Paying it forward, Korean-style

| June 28, 2012 | 0 Comments
Koreans take part in the Rolling Rampage on Parliament Hill. Ambassador Nam Joo-hong is in the front row, centre, wearing a white ball cap with his hand in the air.

Koreans take part in the Rolling Rampage on Parliament Hill. Ambassador Nam Joo-hong is in the front row, centre, wearing a white ball cap with his hand in the air.

The idea of “paying it forward” has always been something that appealed to departing South Korean Ambassador Nam Joo-hong and that’s exactly what he did in April, just days before he was unexpectedly called home for a new, high-profile job in Korea’s national security.
The Rolling Rampage on the Hill is put on by the Canadian Foundation for Physically Disabled Persons to raise awareness about sport for people with disabilities. The event’s mission, said founder and retired Senator Kim Kochhar, is to make people aware that being in a wheelchair doesn’t prevent them from being athletes. “A wheelchair isn’t a sign of a disability, but a symbol of freedom for people who cannot walk,” Mr. Kochhar said.
The event brings wheelchair athletes from around the world to Ottawa to race in a 10-kilometre event (that’s 18 loops on Parliament Hill). The winner receives $30,000 — which is provided by Scotiabank. Athletes pay $1,000 to enter the race, with funds going to the foundation. This year’s event attracted 13 of the world’s best wheelchair athletes and the Korean embassy — the only diplomatic mission to participate — helped pay some of the expenses for Gyu-Dae Kim, the Korean athlete who raced. The embassy gave $2,000 in sponsorship money.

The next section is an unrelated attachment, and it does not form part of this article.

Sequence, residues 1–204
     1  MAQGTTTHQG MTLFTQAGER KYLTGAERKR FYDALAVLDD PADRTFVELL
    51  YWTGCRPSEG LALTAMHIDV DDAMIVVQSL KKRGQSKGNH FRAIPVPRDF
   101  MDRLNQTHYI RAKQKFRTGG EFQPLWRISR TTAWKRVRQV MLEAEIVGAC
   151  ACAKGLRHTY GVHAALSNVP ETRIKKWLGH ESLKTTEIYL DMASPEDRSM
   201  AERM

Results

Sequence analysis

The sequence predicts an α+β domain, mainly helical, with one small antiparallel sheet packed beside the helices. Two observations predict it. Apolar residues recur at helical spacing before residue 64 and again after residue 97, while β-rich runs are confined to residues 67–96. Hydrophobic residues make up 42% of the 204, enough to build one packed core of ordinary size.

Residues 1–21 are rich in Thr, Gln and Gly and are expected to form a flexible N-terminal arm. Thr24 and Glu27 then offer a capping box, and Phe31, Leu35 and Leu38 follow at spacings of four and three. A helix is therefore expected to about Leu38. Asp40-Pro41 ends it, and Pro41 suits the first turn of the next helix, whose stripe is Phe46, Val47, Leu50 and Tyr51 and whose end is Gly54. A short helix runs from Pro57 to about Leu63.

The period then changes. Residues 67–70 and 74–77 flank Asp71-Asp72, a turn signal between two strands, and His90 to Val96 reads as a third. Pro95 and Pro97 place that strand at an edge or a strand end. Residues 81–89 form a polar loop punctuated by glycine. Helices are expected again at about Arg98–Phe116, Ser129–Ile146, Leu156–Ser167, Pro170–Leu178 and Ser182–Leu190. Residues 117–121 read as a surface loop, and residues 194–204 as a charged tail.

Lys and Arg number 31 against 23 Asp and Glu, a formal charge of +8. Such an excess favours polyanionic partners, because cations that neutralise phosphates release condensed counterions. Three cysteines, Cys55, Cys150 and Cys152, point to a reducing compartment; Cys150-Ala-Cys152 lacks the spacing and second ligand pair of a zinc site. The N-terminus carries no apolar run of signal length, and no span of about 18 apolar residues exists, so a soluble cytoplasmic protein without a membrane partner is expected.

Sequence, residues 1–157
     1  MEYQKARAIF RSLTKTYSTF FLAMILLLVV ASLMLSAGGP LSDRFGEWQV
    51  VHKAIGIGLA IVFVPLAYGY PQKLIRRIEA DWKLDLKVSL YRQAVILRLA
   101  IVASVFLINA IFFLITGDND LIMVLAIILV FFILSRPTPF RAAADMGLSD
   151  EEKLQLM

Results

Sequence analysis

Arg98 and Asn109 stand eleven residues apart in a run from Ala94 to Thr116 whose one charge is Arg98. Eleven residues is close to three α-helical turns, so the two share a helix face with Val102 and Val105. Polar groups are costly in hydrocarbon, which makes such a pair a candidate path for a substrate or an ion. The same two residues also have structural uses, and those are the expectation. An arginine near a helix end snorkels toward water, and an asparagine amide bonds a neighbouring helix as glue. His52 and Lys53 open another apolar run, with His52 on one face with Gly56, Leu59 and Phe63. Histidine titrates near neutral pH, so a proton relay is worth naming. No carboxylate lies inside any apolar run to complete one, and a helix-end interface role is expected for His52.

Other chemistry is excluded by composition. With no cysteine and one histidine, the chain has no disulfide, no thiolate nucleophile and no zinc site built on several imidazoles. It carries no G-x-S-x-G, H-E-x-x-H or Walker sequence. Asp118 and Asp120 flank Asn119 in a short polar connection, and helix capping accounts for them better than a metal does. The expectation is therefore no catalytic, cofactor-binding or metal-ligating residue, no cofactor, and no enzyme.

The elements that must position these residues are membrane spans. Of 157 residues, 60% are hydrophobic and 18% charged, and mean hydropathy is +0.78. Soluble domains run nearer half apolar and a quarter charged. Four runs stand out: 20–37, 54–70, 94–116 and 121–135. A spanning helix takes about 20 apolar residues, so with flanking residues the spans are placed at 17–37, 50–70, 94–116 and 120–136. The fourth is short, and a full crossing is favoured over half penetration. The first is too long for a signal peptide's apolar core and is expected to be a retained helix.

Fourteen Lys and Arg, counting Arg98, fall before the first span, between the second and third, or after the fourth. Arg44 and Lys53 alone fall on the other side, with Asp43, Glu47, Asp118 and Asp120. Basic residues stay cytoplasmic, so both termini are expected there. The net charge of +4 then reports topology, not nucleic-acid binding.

The embassy also formed a large cheerleading contingent for Mr. Gyu-Dae and used the event to help publicize a full year’s worth of events in 2013, which will mark the 50th anniversary of Canada-Korea diplomatic relations. Finally, the embassy agreed to encourage other diplomatic missions to participate in next year’s event, specifically Japan and New Zealand, which both had athletes present.
“I am proud to have been able to help support such a worthy cause,” Ambassador Nam said. “Participating in charitable events is important both to me personally and also to the Republic of Korea, as Koreans have progressed to a position where we are able to give back to international charities after having been a receiving nation in decades gone by.”
In addition to the professionals’ race, the Rolling Rampage invites a number of school children to watch the big race and to participate in relays of their own. There’s also a wheelchair relay for parliamentarians and diplomats.
Mr. Nam joined in that race and discovered it’s harder than it looks: “I happily participated in a short wheelchair relay race,” the ambassador said. “The professional athletes make it look effortless, but let me tell you, this apparent ease is the result of their hard work, dedication and mastery of the sport.
“The parliamentarians, men in uniform, and diplomats like me needed every ounce of concentration just to keep the wheelchairs going in a straight line. As my fellow relay racers can surely attest, racing in a wheelchair for the first time is a humbling experience.”
When he left Ottawa, the ambassador (who, along with his wife, Mi-sook, a professor of English literature, was very active in the diplomatic community), said he would always fondly remember his time in Canada. “I will miss the kindness of people I have met during my stay,” he said.

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Category: Diplomatica

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